The intricate relationships between the epidemics of drug abuse, HIV/AIDS, and hepatitis C were the focus of discussion at "Drug Use, HIV, and Hepatitis: Bringing It All Together," a conference sponsored jointly by NIDA, the Center for Substance Abuse Treatment (CSAT), and the Centers for Disease Control and Prevention (CDC) held in Baltimore in May.
"The connection between drug abuse and HIV has been recognized for some time," said NIDA Director Dr. Alan I. Leshner. "It's unfortunate that it has taken us this long to take on hepatitis C as a related issue, because the reality is that these three diseases are intertwined." Dr. Leshner emphasized that a logical approach to preventing the spread of HIV and hepatitis C is treatment for drug addiction.
Like HIV, the hepatitis C virus (HCV) is spread through contact with an infected individual's blood and-although this is less common than with HIV-through sexual contact. According to CDC, approximately 4 million Americans have been infected with HCV, of whom 2.7 million are experiencing chronic symptoms. At least 60 percent of the estimated 36,000 individuals infected each year will contract the disease through the use of contaminated injection drug equipment. Eight thousand to 10,000 Americans are expected to die of HCV-related liver disease this year. (See "Facts About Drug Abuse and Hepatitis C" for additional information.)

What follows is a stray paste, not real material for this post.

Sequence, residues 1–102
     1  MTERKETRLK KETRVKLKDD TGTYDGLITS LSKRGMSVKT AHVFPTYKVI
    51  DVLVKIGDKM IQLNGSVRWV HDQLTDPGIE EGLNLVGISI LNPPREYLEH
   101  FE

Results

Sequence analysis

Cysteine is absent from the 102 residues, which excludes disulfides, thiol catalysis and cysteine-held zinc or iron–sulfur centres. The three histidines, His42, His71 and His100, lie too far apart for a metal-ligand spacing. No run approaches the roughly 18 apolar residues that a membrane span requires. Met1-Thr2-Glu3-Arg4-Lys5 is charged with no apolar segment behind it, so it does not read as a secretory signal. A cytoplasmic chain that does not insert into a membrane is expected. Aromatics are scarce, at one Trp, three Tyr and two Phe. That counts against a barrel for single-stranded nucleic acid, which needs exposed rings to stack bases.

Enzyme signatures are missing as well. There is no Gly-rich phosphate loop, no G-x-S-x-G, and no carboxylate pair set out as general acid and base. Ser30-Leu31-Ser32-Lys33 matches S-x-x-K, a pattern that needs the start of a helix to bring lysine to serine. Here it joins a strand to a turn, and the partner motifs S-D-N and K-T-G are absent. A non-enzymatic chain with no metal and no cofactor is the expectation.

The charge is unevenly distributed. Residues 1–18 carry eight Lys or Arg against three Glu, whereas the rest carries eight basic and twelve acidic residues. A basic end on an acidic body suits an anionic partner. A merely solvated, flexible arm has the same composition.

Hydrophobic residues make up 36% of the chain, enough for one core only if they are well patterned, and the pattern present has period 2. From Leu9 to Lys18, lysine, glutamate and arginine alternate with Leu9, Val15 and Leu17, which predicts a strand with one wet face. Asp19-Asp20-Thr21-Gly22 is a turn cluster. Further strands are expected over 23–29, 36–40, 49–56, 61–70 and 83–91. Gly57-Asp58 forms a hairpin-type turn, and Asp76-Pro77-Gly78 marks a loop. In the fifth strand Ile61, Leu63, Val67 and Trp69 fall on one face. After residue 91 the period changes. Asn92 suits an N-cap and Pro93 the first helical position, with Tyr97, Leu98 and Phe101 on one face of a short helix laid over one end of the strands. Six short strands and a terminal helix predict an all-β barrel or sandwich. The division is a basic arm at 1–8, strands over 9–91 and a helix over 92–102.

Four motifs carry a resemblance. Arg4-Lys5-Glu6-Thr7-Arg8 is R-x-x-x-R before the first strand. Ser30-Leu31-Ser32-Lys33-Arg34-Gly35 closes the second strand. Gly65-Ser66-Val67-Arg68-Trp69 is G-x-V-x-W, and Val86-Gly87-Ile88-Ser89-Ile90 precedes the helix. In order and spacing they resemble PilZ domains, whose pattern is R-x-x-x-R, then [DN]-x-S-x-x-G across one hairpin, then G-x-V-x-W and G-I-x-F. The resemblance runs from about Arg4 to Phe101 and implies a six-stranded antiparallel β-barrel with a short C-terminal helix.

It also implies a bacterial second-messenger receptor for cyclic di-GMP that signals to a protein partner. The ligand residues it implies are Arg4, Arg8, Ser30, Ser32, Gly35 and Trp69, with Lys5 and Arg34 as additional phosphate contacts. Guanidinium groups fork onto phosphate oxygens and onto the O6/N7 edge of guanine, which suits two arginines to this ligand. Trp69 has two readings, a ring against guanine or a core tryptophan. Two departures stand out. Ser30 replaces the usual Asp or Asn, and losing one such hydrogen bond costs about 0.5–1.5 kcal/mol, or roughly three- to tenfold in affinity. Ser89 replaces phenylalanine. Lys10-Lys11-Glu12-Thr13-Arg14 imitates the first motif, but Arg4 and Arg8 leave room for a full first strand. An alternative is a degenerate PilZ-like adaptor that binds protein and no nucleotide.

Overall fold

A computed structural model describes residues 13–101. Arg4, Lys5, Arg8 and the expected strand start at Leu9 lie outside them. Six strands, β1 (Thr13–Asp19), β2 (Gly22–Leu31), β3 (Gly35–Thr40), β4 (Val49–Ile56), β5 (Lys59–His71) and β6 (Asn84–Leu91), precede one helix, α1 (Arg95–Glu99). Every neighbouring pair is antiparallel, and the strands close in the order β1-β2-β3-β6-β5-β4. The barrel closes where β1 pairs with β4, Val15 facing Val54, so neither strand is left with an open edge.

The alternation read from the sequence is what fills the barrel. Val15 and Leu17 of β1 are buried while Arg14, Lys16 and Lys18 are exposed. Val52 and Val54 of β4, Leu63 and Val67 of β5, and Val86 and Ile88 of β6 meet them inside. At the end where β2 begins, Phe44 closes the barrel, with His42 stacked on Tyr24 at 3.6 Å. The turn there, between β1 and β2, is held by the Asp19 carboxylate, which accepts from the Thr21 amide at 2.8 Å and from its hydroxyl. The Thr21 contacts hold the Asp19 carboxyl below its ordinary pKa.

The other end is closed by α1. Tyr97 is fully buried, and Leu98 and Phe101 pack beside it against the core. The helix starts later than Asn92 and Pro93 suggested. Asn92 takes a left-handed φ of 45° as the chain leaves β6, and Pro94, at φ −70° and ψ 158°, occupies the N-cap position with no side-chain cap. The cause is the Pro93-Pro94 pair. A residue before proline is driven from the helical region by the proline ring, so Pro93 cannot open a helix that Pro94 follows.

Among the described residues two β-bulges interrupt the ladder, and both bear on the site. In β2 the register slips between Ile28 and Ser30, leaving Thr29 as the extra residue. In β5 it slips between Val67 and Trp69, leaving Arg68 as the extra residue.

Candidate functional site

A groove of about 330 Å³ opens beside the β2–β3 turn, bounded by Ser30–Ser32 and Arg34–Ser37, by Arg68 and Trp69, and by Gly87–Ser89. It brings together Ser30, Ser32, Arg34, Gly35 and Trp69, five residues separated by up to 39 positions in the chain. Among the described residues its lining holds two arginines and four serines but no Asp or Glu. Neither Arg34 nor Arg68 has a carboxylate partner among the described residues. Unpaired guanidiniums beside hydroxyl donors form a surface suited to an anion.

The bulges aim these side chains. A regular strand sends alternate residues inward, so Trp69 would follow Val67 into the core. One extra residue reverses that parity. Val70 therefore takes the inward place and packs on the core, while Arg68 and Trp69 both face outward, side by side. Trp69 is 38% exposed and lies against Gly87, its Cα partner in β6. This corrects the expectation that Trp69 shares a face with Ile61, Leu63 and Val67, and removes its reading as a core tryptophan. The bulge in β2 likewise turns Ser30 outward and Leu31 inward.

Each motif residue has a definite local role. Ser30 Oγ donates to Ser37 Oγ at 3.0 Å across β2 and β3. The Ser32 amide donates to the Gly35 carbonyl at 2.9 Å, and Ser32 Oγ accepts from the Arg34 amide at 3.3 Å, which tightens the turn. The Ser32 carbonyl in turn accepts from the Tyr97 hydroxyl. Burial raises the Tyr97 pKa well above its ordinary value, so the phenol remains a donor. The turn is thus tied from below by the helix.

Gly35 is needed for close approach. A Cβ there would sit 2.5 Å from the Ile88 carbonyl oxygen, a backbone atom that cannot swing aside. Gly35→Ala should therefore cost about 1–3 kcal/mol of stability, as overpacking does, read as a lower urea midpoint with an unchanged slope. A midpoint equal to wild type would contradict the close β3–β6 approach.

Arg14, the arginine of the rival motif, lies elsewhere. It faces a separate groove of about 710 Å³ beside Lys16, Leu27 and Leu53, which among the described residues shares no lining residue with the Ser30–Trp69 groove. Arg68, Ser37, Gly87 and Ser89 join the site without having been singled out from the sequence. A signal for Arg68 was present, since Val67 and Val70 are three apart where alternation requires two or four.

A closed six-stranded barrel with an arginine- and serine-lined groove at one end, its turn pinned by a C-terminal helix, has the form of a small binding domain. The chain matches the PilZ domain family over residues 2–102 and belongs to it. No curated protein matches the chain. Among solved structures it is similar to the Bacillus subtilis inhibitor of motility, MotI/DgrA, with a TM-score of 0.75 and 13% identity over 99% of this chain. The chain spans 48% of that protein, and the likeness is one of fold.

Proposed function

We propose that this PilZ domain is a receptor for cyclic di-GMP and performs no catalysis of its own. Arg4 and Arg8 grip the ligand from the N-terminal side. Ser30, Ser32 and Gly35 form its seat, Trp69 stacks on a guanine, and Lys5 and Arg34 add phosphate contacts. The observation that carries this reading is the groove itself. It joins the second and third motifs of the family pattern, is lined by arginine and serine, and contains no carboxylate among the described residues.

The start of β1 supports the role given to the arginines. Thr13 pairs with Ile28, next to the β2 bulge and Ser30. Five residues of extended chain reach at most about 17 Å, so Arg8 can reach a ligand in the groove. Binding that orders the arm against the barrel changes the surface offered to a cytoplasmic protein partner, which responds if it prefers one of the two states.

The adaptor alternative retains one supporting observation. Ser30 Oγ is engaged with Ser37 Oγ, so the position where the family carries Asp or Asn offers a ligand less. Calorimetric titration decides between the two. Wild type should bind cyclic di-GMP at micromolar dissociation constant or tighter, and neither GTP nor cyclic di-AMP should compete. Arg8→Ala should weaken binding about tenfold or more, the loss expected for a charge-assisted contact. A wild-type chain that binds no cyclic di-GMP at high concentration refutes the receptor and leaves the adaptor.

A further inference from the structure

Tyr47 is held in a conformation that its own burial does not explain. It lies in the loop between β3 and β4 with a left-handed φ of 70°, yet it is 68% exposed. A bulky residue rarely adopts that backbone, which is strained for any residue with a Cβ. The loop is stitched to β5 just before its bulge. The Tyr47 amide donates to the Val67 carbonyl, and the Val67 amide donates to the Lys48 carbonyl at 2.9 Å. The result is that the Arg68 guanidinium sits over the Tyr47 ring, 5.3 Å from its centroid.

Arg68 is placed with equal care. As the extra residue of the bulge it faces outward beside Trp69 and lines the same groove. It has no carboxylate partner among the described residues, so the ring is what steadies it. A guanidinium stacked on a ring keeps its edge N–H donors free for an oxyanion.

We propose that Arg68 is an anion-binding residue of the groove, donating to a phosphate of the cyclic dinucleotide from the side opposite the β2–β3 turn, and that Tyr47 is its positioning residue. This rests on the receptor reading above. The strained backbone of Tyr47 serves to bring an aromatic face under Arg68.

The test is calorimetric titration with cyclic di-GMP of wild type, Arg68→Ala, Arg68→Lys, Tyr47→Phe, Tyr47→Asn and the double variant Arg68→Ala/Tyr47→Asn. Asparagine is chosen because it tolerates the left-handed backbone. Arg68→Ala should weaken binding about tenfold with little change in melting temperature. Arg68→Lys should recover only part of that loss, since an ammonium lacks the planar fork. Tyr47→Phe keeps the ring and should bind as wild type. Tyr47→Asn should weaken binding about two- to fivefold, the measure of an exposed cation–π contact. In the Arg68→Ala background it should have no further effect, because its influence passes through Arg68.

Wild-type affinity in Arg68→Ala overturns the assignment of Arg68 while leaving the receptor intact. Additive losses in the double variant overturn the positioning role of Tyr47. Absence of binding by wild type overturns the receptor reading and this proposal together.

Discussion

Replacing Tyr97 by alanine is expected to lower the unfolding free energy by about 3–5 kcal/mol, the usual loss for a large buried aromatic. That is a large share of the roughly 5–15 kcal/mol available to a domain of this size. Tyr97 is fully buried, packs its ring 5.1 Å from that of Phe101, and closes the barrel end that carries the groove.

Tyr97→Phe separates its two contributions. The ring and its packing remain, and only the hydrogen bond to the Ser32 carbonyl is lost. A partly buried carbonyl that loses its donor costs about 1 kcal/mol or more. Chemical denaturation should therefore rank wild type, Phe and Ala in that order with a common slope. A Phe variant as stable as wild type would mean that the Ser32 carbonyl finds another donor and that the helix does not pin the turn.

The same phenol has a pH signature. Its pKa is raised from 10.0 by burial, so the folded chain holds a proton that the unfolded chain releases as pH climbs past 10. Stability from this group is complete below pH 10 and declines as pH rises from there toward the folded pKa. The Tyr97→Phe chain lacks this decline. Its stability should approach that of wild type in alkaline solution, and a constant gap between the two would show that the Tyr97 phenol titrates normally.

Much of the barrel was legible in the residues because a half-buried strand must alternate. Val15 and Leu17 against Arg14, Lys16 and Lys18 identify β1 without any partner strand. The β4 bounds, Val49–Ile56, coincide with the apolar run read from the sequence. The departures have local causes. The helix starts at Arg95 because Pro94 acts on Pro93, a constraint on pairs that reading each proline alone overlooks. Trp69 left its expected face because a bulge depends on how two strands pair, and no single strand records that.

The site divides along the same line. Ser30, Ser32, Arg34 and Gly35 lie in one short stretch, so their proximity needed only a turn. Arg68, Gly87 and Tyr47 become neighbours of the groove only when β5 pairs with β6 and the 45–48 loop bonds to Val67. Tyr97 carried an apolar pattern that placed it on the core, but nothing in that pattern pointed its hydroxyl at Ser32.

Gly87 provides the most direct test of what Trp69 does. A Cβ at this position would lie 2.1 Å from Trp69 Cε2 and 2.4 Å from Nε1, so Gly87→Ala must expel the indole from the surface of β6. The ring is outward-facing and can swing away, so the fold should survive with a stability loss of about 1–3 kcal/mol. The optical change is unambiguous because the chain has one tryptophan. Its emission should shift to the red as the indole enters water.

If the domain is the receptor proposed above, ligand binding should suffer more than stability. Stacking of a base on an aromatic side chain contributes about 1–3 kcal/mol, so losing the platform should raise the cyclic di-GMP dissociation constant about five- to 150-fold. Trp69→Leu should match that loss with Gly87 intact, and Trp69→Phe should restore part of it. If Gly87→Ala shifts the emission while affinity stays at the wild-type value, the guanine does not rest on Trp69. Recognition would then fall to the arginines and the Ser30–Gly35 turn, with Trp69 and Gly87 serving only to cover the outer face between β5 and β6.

NIDA Director Dr. Alan I. Leshner and CSAT Director Dr. Westley Clark at the conference. (Photo courtesy of Danya International, Inc.)
At workshops during the conference, scientists from NIDA and CDC discussed ways to prevent the spread of HCV, as well as ways to assess and treat patients with both HCV and HIV. Attendees participated in skills building workshops that were led by NIDA researchers and other experts and that focused on topics such as the problem of HCV in the prison system; the role of microbicides in prevention; prevention strategies for high-risk populations; the epidemiology of HIV and hepatitis infections among young adults and recently initiated injection drug users; prevention of opportunistic infections; improving adherence to prevention and treatment strategies; integrating treatment into public health settings; methods for conducting patient needs assessments; drug interactions; integrating mental health care into comprehensive treatment planning; and more.